**This note is still open*

**The Primal Question of Optimization **

For a general optimization problem, it usually could be rewritten as maximizing or minimizing a certain function with several constrictions. For example, maybe you want the optimized value non-negative. The most basic form of such is called the primal question which looks like this:

\begin{matrix} \underset{x}{min}f(x), x \in \mathbb{R}^n \\ s.t. \\ g_i(x)\leq 0, i=1,2,…,m \\ h_i(x)= 0, i=1,2,…,p \end{matrix}And we call f(x) the objective function and the rest two the constriction function.

**The Lagrangian Function **

To solve such primal question with constrictions, we can use the Lagrange multiplier to encode the three functions into one:

L(x,u,v)=f(x)+\sum_{i=1}^{m}u_ig_i(x)+\sum_{i=1}^{m}v_ih_i(x)As such, we call u_i,v_i the lagrange multipliers.

And we make u_i \geq 0, v_i \in \mathbb{R} so that:

Because g_i(x) \leq 0, so that the maximum of \sum_{i=1}^{m}u_ig_i(x) is 0. And since h_i(x)=0, so \sum_{i=1}^{m}v_ih_i(x) is also equal to 0. Thus:

\underset{u,v}{max}L(x,u,v)=f(x)+0+0=f(x)In this way, we find:

\underset{x}{min}f(x)=\underset{x}{min}\underset{u,v}{max}L(x,u,v)**The Lagrangian Dual Function**

But we find the expression above is **hard to solve**, so we need to transfer it to a dual function as such:

Define D the feasible domain:

g(u,v)=\underset{x\in D}{inf}L(x,u,v)=\underset{x\in D}{inf}[f(x)+\sum_{i=1}^{m}u_ig_i(x)+\sum_{i=1}^{m}v_ih_i(x)]while the function does not have a lower bound, we define the value as -\infty, so that the dual is a concave function, and since we are trying to find the maximum, it could be treated as a convex optimization problem.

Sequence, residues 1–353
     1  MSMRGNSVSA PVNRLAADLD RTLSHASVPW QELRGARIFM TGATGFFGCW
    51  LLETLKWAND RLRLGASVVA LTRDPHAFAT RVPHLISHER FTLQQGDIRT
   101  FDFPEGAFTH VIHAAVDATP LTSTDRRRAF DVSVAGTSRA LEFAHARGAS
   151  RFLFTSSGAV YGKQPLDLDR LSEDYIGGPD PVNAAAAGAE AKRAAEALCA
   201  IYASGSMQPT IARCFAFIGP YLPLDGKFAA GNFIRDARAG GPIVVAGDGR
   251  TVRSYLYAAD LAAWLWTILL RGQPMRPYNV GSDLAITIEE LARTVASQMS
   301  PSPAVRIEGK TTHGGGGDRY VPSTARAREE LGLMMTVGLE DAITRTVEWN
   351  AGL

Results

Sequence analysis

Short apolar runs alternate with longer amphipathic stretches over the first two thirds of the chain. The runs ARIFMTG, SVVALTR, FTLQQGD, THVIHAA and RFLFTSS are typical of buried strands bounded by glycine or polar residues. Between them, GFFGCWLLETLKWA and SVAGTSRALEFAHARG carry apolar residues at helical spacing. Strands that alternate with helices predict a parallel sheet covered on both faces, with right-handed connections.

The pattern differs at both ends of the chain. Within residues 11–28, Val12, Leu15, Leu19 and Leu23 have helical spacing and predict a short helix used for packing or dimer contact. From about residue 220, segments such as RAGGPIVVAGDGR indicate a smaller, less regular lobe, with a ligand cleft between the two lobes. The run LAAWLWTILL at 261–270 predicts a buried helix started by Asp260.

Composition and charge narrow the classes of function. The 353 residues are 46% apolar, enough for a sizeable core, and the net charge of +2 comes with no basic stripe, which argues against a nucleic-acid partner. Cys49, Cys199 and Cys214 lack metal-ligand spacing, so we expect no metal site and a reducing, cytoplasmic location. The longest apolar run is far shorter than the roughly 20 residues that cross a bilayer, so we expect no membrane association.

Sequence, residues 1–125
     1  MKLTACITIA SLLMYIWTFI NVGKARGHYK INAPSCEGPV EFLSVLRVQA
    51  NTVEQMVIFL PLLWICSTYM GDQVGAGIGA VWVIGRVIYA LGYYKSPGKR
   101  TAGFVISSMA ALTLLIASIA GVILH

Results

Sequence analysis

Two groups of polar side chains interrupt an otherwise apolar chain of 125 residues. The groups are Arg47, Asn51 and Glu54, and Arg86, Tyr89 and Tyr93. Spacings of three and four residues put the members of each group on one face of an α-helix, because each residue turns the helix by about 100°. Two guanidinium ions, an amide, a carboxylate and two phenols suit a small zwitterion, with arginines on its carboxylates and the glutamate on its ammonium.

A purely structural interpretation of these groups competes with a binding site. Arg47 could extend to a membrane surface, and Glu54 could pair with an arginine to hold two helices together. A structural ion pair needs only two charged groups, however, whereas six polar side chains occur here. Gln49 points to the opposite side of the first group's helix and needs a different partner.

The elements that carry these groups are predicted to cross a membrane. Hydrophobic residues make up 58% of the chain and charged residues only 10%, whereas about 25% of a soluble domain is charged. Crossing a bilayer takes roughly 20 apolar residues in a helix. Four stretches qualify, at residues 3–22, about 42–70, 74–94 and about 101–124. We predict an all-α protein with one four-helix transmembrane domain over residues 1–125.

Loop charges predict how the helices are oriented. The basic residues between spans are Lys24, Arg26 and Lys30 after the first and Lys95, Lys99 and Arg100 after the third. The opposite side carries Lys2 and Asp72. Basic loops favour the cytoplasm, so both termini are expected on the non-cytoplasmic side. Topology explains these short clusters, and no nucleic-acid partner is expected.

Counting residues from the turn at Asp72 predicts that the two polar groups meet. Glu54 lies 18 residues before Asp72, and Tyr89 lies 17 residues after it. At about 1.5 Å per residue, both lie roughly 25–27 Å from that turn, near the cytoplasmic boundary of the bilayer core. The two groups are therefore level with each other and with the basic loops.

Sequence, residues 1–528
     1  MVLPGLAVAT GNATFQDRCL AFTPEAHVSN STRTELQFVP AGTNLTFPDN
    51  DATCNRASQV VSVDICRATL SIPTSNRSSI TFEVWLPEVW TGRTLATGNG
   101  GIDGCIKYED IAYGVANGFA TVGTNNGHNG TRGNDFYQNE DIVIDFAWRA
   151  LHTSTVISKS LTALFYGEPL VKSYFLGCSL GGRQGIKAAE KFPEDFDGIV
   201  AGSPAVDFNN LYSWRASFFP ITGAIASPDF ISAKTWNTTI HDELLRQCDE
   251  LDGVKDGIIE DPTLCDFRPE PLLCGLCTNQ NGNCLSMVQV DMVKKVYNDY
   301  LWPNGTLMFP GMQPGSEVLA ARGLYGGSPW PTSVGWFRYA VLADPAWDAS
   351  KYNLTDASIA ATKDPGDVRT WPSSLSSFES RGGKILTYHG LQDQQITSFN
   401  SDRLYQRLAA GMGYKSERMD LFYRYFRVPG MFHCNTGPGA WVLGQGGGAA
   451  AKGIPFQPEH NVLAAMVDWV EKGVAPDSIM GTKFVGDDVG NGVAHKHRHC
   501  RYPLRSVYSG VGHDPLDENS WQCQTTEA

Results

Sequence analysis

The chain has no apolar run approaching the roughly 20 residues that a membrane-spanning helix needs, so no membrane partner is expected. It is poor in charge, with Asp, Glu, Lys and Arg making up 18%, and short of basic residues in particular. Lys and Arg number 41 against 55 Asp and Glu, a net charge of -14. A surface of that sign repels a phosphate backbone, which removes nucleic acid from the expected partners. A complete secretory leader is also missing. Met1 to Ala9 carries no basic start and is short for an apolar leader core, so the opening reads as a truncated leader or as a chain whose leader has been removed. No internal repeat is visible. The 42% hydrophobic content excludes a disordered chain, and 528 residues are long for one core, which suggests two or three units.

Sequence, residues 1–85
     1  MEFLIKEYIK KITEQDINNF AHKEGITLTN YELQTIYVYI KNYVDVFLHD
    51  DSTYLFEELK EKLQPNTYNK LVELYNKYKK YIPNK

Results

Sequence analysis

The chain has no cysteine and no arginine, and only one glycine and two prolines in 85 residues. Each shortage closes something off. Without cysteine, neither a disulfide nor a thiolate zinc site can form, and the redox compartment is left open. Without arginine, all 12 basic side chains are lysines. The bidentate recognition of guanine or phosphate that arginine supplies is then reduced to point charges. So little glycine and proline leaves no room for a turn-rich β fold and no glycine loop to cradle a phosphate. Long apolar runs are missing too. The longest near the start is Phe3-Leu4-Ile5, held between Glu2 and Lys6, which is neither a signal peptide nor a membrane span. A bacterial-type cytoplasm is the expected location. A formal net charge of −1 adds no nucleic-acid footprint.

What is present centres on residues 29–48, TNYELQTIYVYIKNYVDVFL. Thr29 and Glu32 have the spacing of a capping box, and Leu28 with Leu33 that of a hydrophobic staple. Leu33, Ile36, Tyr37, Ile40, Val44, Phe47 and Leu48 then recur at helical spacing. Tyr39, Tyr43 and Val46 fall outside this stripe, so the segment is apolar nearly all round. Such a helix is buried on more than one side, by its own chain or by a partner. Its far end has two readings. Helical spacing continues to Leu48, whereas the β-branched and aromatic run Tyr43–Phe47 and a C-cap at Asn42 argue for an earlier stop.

Because:

\underset{x}{min}f(x)=\underset{x}{min}\underset{u,v}{max}L(x,u,v)\geq \underset{u,v}{max}\underset{x}{min}L(x,u,v)= \underset{u,v}{max}g(x)**Proof of the Minimax Theorem**

euclid.kmj_.1138038812**Dual gap**

we use p^* to represent the optimized solution of the primal problem:

p^*=\underset{x}{min}f(x)And d^* to represent the optimized solution of the lagrangian dual:

d^*=\underset{u,v}{max}g(u,v)And because the minimax theorem:

p^* \geq d^*We are using d^* to approach p^* and calling p^*-d^* the **dual gap**

When the dual gap is zero, we call the situation as **strong dual**, otherwise the **weak dual**.

*I am not going to write about KKT&Slater* for now…*

$latex \int_{-\infty}^\infty e^{-x^2}\,dx=\sqrt\pi$